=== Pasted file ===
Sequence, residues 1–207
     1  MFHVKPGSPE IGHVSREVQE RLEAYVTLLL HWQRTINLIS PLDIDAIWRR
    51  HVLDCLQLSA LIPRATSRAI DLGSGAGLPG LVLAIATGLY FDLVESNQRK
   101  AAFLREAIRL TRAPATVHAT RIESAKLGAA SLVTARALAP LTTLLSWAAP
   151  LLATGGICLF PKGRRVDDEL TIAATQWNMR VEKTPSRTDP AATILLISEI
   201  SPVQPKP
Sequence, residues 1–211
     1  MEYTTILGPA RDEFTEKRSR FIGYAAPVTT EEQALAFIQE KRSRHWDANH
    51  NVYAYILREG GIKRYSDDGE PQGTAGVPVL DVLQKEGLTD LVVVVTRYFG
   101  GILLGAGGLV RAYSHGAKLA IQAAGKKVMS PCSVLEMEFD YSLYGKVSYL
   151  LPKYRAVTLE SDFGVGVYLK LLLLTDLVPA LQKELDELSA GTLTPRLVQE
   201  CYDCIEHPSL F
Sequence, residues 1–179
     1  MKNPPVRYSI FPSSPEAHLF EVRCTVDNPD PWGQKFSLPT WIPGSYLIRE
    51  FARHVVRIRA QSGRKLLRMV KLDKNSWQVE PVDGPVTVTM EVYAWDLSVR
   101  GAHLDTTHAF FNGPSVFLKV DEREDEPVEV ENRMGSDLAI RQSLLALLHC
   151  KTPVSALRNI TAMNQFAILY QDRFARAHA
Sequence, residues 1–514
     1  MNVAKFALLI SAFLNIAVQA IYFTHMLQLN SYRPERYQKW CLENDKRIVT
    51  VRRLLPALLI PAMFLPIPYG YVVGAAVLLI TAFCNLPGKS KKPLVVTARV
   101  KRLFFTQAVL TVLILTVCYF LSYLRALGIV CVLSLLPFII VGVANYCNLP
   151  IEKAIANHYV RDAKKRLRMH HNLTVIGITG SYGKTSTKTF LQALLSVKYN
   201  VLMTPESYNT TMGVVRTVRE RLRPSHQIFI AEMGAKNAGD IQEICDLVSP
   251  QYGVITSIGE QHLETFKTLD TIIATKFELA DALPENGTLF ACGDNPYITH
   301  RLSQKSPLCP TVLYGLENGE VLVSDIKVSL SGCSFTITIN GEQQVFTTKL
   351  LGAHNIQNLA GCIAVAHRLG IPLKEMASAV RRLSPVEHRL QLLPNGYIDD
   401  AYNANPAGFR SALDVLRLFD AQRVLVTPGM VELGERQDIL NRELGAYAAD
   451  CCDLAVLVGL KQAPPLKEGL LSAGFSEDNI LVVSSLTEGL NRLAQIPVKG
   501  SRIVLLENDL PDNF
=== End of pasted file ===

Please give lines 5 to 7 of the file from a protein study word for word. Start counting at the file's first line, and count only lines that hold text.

   151  LLATGGICLF PKGRRVDDEL TIAATQWNMR VEKTPSRTDP AATILLISEI
   201  SPVQPKP
Sequence, residues 1–211